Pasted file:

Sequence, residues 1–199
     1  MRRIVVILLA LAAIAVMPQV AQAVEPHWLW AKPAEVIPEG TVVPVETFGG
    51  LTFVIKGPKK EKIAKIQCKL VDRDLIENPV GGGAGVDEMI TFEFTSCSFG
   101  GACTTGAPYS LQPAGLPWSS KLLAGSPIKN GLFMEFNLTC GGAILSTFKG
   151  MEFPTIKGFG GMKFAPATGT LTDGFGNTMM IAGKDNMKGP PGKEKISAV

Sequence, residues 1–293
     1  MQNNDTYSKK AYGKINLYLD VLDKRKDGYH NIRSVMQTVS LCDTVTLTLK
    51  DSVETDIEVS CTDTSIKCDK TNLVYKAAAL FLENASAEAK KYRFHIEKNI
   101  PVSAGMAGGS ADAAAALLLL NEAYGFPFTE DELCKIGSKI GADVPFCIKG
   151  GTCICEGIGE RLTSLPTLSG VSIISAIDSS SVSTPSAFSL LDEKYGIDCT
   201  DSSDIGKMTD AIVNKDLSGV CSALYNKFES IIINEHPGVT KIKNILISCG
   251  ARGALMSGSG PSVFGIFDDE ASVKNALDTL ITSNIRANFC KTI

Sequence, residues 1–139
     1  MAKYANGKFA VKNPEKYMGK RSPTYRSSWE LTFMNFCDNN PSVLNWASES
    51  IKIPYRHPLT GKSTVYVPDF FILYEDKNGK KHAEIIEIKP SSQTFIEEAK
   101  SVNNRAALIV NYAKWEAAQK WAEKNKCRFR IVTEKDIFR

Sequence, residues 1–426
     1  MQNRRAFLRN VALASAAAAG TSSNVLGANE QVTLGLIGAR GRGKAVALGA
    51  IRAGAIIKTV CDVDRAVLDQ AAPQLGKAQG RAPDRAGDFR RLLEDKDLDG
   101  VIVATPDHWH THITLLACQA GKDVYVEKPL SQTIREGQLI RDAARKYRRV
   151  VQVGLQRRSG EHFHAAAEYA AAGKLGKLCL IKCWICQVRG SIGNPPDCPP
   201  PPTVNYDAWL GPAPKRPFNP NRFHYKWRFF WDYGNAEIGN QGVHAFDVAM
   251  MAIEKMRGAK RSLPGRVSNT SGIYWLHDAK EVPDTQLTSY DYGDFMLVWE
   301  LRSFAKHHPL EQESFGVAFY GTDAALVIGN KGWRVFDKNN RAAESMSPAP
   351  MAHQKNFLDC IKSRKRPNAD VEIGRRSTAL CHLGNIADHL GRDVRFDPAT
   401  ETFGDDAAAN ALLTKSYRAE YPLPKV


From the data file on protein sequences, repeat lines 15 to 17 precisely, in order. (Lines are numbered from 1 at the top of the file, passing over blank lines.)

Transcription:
    51  IKIPYRHPLT GKSTVYVPDF FILYEDKNGK KHAEIIEIKP SSQTFIEEAK
   101  SVNNRAALIV NYAKWEAAQK WAEKNKCRFR IVTEKDIFR

Sequence, residues 1–426